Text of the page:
EIA campaigners have prepared a briefing to the United Nations Framework Convention on Climate Change (UNFCCC) for the 21st Conference of Parties (CoP21) currently taking place in Paris.
Hydrofluorocarbons (HFCs) are man-made gases used in refrigeration, air-conditioning and foams in sectors where their precursors, ozone-depleting substances (ODS), have been phased out by the Montreal Protocol.
HFCs are powerful greenhouse gases with warming potential hundreds to thousands of times greater than CO2 and were included in the basket of greenhouse gases under the Kyoto Protocol of the UNFCCC.
In a landmark decision in November, the 27th Meeting of the Parties to the Montreal Protocol concluded with consensus on the ‘Dubai Pathway on HFCs’ in which Parties agreed to “work within the Montreal Protocol to an HFC amendment in 2016.”
With production and consumption of HFCs rapidly increasing, the hard-earned climate benefits of eliminating ODS under the Montreal Protocol – estimated to be up to 135 billion tonnes (135Gt) of carbon-dioxide equivalent (CO2e) from 1990-2010 – are now being reversed.
A global deal to phase down HFCs would prevent 100Gt CO2e HFC emissions by 2050 with up to an additional 100Gt CO2 emissions through potential energy efficiency improvements, offering much-needed near-term climate protection.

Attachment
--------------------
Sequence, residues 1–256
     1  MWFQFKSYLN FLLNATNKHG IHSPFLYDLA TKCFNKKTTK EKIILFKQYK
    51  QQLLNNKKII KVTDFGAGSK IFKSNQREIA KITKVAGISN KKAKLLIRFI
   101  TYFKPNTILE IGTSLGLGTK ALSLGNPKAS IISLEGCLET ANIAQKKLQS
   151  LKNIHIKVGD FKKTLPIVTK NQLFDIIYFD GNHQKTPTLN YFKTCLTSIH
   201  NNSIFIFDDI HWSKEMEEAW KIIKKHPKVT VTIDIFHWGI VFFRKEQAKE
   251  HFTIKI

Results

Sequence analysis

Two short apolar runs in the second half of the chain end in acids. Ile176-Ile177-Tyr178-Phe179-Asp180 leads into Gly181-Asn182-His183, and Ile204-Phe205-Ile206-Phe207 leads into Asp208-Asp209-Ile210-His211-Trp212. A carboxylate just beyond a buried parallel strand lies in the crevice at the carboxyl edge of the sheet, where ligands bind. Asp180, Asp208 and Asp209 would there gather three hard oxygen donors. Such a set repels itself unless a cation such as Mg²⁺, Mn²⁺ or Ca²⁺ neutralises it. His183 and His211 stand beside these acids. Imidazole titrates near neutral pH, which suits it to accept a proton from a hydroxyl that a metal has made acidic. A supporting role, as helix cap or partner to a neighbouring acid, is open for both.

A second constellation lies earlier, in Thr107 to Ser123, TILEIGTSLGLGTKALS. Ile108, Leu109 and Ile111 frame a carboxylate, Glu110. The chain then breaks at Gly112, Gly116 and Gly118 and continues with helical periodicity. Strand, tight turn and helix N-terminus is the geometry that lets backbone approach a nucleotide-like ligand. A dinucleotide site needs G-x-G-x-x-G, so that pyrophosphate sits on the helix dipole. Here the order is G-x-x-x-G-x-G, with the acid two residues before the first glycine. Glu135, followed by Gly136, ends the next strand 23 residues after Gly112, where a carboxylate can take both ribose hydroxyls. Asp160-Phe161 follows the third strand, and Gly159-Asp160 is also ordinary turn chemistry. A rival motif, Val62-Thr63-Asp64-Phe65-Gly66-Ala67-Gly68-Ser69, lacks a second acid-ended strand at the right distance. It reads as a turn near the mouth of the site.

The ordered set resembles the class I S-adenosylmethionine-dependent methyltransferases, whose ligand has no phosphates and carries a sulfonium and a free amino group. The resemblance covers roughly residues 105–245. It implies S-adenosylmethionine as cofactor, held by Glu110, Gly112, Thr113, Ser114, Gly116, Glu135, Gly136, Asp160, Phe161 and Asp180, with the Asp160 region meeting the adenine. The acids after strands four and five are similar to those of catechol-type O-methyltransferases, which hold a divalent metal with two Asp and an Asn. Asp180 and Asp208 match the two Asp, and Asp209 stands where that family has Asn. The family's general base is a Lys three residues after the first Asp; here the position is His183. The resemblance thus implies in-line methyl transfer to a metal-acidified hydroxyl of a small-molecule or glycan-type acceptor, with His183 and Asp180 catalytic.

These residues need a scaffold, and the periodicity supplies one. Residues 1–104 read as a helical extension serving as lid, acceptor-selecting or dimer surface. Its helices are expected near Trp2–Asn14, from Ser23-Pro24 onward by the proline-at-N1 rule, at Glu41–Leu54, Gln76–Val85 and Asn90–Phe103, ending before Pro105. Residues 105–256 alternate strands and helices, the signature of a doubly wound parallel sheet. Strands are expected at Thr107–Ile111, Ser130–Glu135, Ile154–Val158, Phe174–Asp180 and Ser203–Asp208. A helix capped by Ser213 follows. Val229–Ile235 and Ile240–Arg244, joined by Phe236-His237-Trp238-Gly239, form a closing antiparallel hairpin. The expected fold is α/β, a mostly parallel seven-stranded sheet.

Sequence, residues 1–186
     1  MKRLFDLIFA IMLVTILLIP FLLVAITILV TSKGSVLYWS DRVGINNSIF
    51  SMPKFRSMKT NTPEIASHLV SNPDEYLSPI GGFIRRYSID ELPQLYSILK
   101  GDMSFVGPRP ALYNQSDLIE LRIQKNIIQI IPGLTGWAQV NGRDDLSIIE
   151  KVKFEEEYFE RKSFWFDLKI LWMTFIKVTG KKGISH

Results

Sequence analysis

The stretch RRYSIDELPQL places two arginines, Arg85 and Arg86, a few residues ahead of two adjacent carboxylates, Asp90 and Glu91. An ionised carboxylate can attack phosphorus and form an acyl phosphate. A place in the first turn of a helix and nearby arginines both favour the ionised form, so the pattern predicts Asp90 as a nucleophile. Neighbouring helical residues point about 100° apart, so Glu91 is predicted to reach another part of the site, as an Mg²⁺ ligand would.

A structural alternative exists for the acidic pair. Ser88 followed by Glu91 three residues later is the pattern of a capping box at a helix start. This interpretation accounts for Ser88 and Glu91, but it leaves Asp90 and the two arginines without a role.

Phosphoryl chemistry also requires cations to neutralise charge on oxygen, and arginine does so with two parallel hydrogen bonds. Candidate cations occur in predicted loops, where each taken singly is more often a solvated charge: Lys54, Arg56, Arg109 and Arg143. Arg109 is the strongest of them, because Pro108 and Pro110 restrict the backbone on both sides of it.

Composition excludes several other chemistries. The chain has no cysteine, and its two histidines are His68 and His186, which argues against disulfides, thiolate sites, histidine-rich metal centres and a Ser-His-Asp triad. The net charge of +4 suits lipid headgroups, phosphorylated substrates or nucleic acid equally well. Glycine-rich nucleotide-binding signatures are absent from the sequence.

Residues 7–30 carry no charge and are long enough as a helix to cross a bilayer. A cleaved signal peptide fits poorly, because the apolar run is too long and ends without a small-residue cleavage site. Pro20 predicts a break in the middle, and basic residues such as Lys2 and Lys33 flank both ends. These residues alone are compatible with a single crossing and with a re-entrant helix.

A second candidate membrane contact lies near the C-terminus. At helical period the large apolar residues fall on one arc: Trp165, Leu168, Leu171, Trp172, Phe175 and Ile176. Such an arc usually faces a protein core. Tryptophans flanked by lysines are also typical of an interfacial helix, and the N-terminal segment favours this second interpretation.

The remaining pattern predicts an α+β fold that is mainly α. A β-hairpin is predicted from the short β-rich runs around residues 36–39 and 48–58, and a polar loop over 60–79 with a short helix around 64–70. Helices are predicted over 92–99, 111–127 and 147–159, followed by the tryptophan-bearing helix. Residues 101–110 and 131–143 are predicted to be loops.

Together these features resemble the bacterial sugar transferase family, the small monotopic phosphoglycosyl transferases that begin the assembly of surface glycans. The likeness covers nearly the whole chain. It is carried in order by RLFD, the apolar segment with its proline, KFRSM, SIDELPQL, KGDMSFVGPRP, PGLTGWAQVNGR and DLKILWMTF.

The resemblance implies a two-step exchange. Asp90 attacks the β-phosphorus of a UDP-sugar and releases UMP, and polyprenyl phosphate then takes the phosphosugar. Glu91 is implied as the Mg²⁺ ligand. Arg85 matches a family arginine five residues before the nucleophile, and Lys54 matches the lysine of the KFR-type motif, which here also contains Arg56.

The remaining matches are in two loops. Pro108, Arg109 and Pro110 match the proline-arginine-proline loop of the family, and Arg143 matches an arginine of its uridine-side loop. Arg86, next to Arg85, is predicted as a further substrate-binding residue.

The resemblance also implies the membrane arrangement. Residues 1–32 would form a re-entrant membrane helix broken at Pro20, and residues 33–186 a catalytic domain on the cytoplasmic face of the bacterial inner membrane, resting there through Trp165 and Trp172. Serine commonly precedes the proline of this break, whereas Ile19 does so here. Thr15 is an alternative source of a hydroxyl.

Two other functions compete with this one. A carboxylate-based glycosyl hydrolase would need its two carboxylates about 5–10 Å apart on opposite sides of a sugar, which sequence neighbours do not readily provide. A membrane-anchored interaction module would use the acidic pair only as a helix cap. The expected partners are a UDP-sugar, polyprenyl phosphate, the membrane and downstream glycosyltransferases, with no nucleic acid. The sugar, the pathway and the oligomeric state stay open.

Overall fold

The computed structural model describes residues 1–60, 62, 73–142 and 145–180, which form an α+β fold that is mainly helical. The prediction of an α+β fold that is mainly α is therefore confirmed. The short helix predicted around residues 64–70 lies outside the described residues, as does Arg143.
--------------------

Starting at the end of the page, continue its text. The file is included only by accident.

HFCs first came under the scrutiny of the Montreal Protocol in 2009 when the Federated States of Micronesia and Mauritius submitted an amendment proposal to regulate HFC production and consumption under the Montreal Protocol. Since then, additional Parties have submitted amendment proposals, including the United States, Canada and Mexico; the European Union; and India, while almost 100 other countries signed declarations offering support for the regulation of HFCs under the Montreal Protocol.
With an ever-widening gap between what is required to limit global temperature rise to less than 2°C and existing mitigation pledges under the UNFCCC, countries must seize every opportunity to curb greenhouse gas emissions.
EIA urges all Parties to the UNFCCC to support these formal negotiations in 2016 under the Montreal Protocol in order to bring about a swift global agreement to address the consumption and production of HFCs.